I was an avid F1 watcher in the mid-to-late 80's, which is why Nigel Mansell is my all time favourite driver. I'm also a big fan of Mark Webber, and of the Minardi team which brought him to the sport. I love it when people overcome seemingly impossible odds to achieve their goals - as you'll see if you ever read my novels.
I drifted away from the sport once I started full time work, since the races are televised after 11pm on Sunday nights in Western Australia, which is far too late when you have to be up at seven the next day.
Update: As of 2009 Channel Ten began showing races live, which is pure heaven for Aussie Fans. They even show the qualifying sessions, which was unheard of before this year. Now all we need is the BBC Friday & Saturday practice and life will be complete.
Update 2: Mark Webber just won his first ever F1 race. Celebrations galore!
These days I usually watch the race 'live' via the stats & commentary page on f1.com and record the actual telecast using the tuner card in my PC.
For non-f1 folk, this 'sport' represents the pinnacle of engineering. Teams spend vast quantities of money striving to improve lap times by the merest fraction of a second. and year after year the cars stick better, go faster and last longer. Every now and then the regulations are changed to slow them down (smaller engine capacity, less downforce, narrower tyres) and within 2 or 3 races the speeds are back up to normal again.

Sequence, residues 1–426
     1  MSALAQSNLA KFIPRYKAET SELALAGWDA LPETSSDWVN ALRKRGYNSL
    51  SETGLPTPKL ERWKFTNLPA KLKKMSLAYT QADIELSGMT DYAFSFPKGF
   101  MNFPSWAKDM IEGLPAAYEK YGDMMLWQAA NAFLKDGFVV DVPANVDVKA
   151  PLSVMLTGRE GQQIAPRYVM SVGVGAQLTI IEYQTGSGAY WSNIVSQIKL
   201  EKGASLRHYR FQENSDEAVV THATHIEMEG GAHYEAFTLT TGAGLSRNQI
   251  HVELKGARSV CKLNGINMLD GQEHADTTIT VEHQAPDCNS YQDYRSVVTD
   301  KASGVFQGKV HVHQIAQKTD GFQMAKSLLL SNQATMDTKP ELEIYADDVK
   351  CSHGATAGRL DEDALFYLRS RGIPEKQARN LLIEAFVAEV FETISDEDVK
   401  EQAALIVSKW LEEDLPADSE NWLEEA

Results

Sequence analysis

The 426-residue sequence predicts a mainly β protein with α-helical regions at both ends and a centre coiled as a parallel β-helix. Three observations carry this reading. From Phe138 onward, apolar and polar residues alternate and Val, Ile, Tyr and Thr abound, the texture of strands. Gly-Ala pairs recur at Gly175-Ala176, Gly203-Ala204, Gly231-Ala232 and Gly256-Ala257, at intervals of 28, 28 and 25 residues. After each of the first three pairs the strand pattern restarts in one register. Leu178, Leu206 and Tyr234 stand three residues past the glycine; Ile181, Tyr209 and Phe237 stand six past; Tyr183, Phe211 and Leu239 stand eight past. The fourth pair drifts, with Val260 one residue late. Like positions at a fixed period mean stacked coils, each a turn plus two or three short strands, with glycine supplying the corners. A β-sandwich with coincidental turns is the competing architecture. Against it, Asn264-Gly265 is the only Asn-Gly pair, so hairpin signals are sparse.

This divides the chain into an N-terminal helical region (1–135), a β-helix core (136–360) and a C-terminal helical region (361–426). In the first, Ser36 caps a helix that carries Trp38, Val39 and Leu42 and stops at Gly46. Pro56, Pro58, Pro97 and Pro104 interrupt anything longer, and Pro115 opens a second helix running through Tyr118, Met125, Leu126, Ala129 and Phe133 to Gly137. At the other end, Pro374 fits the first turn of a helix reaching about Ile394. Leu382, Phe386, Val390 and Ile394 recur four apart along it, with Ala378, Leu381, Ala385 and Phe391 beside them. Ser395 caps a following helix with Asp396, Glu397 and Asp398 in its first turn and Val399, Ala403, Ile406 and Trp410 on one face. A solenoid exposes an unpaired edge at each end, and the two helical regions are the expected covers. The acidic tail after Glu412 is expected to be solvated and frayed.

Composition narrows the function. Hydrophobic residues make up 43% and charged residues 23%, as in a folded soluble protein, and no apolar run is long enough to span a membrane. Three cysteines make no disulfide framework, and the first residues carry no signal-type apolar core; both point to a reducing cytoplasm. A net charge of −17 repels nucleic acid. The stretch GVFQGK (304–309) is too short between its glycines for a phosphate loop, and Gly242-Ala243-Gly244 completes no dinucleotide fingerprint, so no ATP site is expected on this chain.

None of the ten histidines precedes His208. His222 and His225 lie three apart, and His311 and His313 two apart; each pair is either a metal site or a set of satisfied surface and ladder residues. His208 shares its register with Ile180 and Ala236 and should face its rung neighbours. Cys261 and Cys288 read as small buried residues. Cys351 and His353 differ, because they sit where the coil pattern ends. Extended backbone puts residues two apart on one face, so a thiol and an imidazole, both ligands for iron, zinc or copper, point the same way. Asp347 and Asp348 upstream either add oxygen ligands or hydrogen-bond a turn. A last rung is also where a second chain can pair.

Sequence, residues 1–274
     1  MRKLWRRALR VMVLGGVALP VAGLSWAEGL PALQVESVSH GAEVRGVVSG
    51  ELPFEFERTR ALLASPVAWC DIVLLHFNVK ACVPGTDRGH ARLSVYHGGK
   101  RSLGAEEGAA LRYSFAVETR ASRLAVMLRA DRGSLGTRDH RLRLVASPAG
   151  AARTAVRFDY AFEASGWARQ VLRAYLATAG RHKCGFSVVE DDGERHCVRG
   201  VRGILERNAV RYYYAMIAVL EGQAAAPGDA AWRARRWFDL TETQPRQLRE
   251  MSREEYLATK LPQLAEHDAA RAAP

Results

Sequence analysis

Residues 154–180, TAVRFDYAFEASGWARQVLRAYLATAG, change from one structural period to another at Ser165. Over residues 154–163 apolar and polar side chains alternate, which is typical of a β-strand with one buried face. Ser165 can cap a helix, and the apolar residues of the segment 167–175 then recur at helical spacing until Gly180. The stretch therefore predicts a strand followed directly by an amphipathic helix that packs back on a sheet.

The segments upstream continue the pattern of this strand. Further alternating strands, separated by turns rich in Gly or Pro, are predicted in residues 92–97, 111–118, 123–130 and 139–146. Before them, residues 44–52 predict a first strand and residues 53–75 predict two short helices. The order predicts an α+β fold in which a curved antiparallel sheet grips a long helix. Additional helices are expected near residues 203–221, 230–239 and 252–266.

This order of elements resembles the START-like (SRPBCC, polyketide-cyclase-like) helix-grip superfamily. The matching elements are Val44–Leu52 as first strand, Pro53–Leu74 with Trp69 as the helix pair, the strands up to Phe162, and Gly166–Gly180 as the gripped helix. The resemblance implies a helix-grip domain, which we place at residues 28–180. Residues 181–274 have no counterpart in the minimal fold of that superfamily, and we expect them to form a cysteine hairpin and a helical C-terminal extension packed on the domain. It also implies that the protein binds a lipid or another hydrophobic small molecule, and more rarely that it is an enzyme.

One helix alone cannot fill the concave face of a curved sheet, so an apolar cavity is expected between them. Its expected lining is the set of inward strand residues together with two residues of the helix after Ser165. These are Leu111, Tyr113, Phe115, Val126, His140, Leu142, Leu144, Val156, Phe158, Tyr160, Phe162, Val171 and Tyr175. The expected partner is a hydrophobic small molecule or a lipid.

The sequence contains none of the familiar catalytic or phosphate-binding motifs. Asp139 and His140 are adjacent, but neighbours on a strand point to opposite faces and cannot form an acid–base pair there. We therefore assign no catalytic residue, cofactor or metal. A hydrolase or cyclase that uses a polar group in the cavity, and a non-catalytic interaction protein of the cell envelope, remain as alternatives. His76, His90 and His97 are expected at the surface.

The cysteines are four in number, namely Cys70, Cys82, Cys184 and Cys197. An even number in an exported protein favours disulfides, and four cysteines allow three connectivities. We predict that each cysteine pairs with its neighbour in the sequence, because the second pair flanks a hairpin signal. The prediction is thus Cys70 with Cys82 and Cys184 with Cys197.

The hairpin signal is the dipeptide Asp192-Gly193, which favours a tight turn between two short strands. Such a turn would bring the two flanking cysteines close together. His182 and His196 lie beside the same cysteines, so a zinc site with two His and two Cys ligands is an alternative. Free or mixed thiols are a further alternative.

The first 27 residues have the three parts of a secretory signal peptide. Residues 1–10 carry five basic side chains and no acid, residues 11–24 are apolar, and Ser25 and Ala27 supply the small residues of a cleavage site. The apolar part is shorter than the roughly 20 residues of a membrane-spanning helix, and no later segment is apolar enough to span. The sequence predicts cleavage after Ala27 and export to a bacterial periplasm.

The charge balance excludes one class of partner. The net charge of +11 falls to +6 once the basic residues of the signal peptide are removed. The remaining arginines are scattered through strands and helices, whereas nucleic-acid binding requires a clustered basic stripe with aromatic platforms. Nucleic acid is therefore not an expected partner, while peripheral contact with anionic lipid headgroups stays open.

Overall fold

As an indicator of the pace of change, during 2004 the Minardi team were the back markers, lacking the budget to run at the front. Based on their lap times, their 'slow' 2004 cars would have won every race against 2003 opposition.
Much is written about the waste in F1, but innovations on race cars have been making their way into road cars for years. Aerodynamics, tyres, structural materials, safety devices - we have a lot to thank Formula One for.
The biggest problem with Formula One, in my opinion, is the lack of overtaking. A fast-moving car leaves disturbed air in its wake, and because the following car needs airflow to stick to the road they end up 0.5 seconds apart for lap after lap. And if the chasing driver gets any closer, he'll fail to take the next corner and will usually be out of the race. Recently, the official body has restricted car aerodynamics even further than usual, but cars are just as sensitive to disturbed air. One answer would be to ban all aerodynamic surfaces - but we'll never see that, because they're ready-made billboards for sponsors.